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Fleecy locks, and black complexion,
Cannot forfeit Nature's claim;
Dwells in white and black the same.
3 Why did all-creating nature
Make the plant for which we toil?
Sweat of ours must dress the soil.
Lolling at your jovial boards;
For the sweets your cane affords.
4 (0) Is there, as ye sometimes tell us,
Is there one who reigns on high?
Speaking from his throne the sky?
Matches, blood-extorting screws,
Agents of his will to use? 5 (.) Hark!—he answers;-wild tornadoes,
Strewing yonder sea with wrecks;
Are the voice with which he speaks.
Afric's sons should undergo,
Where his wHIRLWINDS answer-NO.
6 By our blood in Afric wasted,
Ere our necks received the chain;
Crossing in your barks the main;
To the man-degrading mart;
Only by a broken heart;
9 * Deem our nation brutes .. no longer,
Till some rèason ye shall find
* Firm voice.
Worthier of regard, and stronger
Than the colour of our kind.
Tarnish all your boasted powers,
Ere you proudly question òurs!
Marco Bozzaris, the Epaminondas of Modern Greece. (He fell in an attack upon the Turkish Camp, at Laspi, the site of the ancient Platæa, August 20, 1823, and expired in the moment of victory. His last words were“ To die for liberty is a pleasure, and not a pain."] 1 At midnight, in his guarded tent,
The Turk was dreaming of the hour,
Should tremble at his power;
In dreams, his song of triumph heard;
As Eden's garden bird.
That bright dream was his last;
Bozzaris cheer his band.
God—and your native land.
They piled that ground with Moslem slain,
They conquered—but Bozzaris fell,
Bleeding at every vein.
His few surviving comrades saw
And the red field was won;
Like flowers at set of sun.
4 (-) Come to the bridal chamber, Death!
Come to the mother, when she feels,
Come when the blessed seals,
With banquet-song, and dance, and wine,
Of agony, are thine.
Has won the battle for the free,
The thanks of millions yet to be.
Greece nurtured in her glory's time,
Even in her own proud clime.
(.) Now when fair morn orient in Heaven appear'd Up rose the victor Angels, and to arms
The matin trumpet sung: in arms they stood
Of golden panoply, refulgent host,
Look'd round, and scouts each coast light armed scour,
In motion or in halt: him soon they met
But firm battalion; back with speediest sail
(©) ARM, Warriors, arm for fight—the foe at hand, 15 Whom fled we thought, will save us long pursuit
This day; fear not his flight: so thick a cloud
His adamantine coat gird well, -and each
Borne ev'n or high; for this day will pour down,
(.) So warn'd he them, aware themselves, and soon 25 In order, quit of all impediment;
Instant, without disturb, they took alarm,
Approaching, gross and huge, in hollow cube, 30 Training his devilish enginery, impal'd
On every side with shadowing squadrons deep,
Satan, and thus was heard commanding loud. 35 (0°) VANGUARD!—to right and left the front unfold;
That all may see who hate us, how we seek
Page 61. The Exercises arranged in this class, belong to the general head of the pathetic and delicate. As this has been partly anticipated under another head of the Exercises, and as the manner of execution in this case depends wholly on emotion, there can be little assistance rendered by a notation. Before reading the pieces in this class, the remarks p. 61 & 62 should be reviewed; and the mind should be prepared to feel the spirit of each piece, by entering fully into the circumstances of the case.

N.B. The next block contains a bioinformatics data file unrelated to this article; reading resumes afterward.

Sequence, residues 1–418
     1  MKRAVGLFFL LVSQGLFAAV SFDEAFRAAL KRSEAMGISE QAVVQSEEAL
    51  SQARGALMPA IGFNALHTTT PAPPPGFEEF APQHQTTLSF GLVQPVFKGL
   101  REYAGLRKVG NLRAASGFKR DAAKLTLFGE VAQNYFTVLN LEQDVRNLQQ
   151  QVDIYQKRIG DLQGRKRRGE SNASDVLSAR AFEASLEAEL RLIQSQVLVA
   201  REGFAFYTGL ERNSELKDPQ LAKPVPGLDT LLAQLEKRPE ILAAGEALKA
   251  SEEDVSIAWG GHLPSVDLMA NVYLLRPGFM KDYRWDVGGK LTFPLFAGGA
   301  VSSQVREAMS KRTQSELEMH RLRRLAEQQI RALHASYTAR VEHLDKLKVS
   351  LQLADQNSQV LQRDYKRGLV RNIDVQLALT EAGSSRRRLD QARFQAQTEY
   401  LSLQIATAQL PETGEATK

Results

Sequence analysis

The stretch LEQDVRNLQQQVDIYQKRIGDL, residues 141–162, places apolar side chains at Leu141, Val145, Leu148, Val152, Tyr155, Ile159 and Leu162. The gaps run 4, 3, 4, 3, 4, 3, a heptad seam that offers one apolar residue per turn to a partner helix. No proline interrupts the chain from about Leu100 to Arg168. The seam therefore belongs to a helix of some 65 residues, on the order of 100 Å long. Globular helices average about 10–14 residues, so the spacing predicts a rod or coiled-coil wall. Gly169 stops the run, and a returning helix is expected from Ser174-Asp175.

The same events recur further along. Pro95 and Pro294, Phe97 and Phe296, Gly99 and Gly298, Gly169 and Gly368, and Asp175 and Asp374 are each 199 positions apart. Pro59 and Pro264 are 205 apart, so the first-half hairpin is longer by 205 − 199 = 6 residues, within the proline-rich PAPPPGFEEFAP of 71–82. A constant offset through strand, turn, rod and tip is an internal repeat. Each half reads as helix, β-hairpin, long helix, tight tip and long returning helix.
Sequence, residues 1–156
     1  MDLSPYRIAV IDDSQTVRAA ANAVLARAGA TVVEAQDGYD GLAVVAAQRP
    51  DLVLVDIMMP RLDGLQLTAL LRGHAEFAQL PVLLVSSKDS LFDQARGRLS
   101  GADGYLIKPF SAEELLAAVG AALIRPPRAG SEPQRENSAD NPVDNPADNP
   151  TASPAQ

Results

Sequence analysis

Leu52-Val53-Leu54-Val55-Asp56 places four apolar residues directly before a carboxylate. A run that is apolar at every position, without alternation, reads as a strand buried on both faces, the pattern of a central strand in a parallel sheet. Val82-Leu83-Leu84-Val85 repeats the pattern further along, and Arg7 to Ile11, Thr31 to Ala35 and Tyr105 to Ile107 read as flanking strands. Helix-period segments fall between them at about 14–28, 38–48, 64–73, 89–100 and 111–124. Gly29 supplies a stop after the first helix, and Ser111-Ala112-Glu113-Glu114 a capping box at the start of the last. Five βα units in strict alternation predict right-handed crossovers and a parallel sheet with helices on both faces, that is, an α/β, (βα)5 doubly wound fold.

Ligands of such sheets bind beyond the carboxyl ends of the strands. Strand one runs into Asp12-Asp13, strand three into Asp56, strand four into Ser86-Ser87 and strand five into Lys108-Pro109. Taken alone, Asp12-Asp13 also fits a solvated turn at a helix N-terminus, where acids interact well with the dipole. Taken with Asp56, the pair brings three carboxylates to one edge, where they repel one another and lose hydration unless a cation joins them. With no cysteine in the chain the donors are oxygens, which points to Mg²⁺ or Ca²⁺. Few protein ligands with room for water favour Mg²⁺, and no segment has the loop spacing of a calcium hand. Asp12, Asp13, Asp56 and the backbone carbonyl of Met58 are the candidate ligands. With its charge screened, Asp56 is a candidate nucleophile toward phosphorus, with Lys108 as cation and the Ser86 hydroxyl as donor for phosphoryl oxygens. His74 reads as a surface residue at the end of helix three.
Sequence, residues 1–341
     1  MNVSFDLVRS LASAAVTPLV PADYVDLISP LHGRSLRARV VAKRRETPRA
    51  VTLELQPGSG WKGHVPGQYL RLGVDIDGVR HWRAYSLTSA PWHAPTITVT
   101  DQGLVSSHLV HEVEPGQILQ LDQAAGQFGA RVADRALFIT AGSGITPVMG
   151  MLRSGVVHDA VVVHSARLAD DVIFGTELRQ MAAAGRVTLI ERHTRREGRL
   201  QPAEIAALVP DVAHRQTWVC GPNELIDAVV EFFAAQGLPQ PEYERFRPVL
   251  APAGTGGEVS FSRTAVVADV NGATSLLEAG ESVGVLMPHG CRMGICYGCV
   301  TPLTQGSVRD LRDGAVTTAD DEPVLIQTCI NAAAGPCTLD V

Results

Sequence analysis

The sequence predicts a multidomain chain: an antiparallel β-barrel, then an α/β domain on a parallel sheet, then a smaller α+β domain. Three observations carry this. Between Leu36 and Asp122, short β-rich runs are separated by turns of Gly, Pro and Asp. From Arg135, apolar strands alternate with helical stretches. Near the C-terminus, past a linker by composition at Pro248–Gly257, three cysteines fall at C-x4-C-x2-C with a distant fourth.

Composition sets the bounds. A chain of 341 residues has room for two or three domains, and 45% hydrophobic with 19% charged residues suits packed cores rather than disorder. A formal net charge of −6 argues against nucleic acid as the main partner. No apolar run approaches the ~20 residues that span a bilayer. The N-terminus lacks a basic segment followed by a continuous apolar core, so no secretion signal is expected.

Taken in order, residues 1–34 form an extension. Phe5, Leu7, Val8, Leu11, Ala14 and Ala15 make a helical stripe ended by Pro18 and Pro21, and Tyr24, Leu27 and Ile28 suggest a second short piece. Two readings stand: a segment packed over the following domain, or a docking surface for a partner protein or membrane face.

Judah's speech to Joseph. 18 * Then Judah came near unto him and said, O my lord, let thy servant, I pray thee, speak a word in my lord's ears, and let not thine anger burn against thy servant: for thou art even as Pharaoh.—19 My lord asked his servants, saying, Have ye a father, or a brother?-20 And we said unto my lord, We have a father, an old man, and a child of his old age, a little one: and his brother is dead, and he alone is left of his mother, and his father loveth him.-21 And thou saidst unto thy servants, Bring him down unto me, that I may set mine eyes upon him.—22 And we said unto my lord, The lad cannot leave his father: for if he should leave his father, his father would die.—23 And thou saidst unto thy servants, Except your youngest brother come down with
you, ye shall see my face no more.—24 And it came to pass, when we came up unto thy servant my father, we told him the words of my lord.—25 And our father said, Go again and buy us a little food.—26 And we said, We cannot go down: if our youngest brother be with us, then we will go down; for we may not see the man's face, except our youngest brother be with us.--27 And thy servant my father said unto us, Ye know that my wife bear me two sons: -28 And the one went out from me, and I said, Surely he is torn in pieces; and I saw him not since:-29 And if ye take this also from me, and mischief befall him, ye shall bring down my grey hairs with sorrow to the grave. (-) 30 Now therefore when I come to thy servant my father, and the lad be not with us; (seeing that his life is bound up in the lad's life;)—31 It shall come to pass, when he seeth
* The reader is again desired to bear in mind, that in extracts frra the Bible, as well as other books, Italic words denote emphasis.